Tax Planning Strategies for Corporations-Part 1
Tax Planning Strategies for Corporations-Part 1 | Simkover and Associates Chartered Accountants
The subject of corporate tax planning is often associated with a profitable year for a company. This is because there is no tax to pay in a loss year, but there is potentially a lot of tax to pay in a profitable year, and therefore the business is naturally interested in finding legal ways to minimize this tax burden. It is always best to conduct this sort of tax planning before the year has concluded, in order to allow time to implement strategies within the fiscal year while it is still in progress. There are many areas that can be addressed on this topic, so for the purpose of this article we will select a few of the more common items that often apply to the particular situation at hand.
When a company has had one or more loss years prior to the current profitable year, it can often carry forward some of the prior year losses and net them against the current year's profit and only pay tax on the net amount. This can only be done when the prior year's losses have not already been carried back or forward on a previous occasion. For example, suppose a company has had prior year losses of $100,000 and $80,000 and a current year profit of $200,000. Suppose also that $75,000 of the $100,000 loss has already been carried back and netted against a prior year profit, thus leaving $25,000 to be carried forward along with the $80,000 from the other prior year. This comes to a total of $105,000 of prior year losses that can be carried forward to apply against the current year profit of $200,000, leaving a net profit of $95,000 to be taxed instead of paying tax on the full original $200,000. This strategy is entirely optional, but often makes sense to use as long as it is possible to be done in the particular situation at hand.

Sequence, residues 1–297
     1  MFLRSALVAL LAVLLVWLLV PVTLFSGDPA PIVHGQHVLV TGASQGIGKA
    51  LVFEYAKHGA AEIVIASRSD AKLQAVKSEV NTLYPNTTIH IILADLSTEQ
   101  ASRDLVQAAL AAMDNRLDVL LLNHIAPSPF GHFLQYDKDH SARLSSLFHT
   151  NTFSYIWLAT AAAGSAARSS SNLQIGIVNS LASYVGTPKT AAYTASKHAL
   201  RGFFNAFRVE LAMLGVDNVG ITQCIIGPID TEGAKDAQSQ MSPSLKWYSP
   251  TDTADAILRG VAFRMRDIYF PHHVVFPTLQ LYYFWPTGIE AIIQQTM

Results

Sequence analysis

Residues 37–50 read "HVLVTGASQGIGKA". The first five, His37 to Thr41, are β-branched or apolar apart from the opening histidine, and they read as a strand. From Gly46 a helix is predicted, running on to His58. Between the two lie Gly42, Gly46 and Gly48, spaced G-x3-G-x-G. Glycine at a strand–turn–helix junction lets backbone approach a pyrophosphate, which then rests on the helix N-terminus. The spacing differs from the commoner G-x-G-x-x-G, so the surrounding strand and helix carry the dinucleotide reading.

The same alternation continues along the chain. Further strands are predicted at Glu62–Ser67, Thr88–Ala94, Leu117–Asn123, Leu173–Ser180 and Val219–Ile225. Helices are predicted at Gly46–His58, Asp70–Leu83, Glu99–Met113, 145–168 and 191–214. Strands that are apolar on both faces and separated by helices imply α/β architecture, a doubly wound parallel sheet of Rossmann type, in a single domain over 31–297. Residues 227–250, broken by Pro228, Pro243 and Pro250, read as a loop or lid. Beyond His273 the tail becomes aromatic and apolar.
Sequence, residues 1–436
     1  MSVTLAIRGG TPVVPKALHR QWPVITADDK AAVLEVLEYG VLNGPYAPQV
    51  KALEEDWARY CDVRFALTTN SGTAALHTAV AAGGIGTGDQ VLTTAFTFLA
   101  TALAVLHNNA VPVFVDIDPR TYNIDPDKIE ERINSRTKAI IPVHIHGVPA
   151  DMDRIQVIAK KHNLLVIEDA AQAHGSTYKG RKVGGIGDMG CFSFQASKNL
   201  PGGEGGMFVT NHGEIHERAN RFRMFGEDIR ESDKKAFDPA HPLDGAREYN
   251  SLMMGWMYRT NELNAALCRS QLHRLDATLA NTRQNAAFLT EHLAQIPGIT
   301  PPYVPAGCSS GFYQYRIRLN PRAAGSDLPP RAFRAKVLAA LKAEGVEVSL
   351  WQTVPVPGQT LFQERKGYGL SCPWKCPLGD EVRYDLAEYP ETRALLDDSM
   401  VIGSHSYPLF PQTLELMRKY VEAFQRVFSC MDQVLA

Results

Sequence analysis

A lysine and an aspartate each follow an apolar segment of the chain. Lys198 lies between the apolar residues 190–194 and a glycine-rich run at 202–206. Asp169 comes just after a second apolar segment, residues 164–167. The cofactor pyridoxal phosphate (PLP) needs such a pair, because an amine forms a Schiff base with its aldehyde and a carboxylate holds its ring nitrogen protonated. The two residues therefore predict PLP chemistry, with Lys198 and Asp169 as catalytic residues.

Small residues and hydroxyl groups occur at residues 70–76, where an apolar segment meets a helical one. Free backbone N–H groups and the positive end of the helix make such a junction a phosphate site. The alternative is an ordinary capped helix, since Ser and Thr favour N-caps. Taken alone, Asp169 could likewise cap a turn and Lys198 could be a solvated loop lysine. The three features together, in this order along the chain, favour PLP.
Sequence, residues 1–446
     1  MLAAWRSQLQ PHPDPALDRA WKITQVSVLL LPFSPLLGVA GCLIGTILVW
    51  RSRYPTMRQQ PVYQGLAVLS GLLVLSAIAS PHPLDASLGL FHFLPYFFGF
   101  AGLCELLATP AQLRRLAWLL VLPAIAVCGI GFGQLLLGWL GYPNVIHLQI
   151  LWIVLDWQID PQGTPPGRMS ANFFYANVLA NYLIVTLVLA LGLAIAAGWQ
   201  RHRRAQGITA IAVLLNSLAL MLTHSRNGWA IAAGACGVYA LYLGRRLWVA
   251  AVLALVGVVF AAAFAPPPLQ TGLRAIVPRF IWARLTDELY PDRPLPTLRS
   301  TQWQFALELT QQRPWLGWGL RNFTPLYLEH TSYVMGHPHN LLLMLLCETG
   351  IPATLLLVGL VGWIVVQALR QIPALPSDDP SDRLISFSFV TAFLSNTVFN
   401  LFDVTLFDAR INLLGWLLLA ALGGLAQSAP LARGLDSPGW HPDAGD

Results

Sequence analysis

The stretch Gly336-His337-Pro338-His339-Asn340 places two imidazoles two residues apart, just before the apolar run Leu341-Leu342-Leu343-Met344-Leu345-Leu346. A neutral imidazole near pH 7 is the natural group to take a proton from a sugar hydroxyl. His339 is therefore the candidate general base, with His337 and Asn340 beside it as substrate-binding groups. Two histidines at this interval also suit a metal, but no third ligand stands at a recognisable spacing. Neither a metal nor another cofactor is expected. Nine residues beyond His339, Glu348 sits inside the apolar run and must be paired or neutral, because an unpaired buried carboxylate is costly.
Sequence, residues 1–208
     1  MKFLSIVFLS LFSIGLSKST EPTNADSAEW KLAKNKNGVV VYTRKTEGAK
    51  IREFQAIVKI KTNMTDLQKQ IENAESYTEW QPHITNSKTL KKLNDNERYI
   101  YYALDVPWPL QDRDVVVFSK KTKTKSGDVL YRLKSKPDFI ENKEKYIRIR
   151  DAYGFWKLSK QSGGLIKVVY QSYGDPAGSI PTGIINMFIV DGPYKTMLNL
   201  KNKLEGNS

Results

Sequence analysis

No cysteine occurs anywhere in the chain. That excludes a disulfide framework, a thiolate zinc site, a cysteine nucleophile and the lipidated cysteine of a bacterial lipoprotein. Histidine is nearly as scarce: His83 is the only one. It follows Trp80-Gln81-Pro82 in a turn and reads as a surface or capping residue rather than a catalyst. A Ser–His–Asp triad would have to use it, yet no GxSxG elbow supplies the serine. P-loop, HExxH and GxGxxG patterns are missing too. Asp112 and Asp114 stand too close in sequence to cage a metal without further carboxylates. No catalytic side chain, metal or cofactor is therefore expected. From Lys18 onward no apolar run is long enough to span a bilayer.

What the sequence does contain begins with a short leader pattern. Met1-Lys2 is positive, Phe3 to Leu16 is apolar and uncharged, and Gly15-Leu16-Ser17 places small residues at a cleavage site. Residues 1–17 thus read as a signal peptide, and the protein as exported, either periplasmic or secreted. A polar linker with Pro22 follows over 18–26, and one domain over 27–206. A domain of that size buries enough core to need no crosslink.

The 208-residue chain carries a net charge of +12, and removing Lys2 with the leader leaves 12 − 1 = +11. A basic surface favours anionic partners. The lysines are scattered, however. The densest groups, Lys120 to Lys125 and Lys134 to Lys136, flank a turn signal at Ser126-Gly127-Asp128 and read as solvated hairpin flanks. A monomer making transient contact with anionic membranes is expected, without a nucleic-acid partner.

A similar strategy applies to capital gains and losses, except that capital losses cannot be applied against regular profits; they can only be applied against capital gains. Therefore, it does not make sense to sell losing stock investments to realize a capital loss when the intention is to reduce the taxes in a profitable business year. However it would make sense to do this if the same profitable year included a capital gain on sale of a building, since in that case the loss on sale of stocks could be deducted from the capital gain in order to reduce current year taxes. Note that capital losses can always be carried back for three years or forward indefinitely, so that losing stocks which have no potential to create future investment returns can be sold even though the loss cannot be used in the current year for tax purposes, since it can be stored away for future use when capital gains may be expected to materialize.
Please contact Simkover and Associates at 905-943-4046 if you need further
accounting services or advice in relation to this topic.
Click here for additional contact information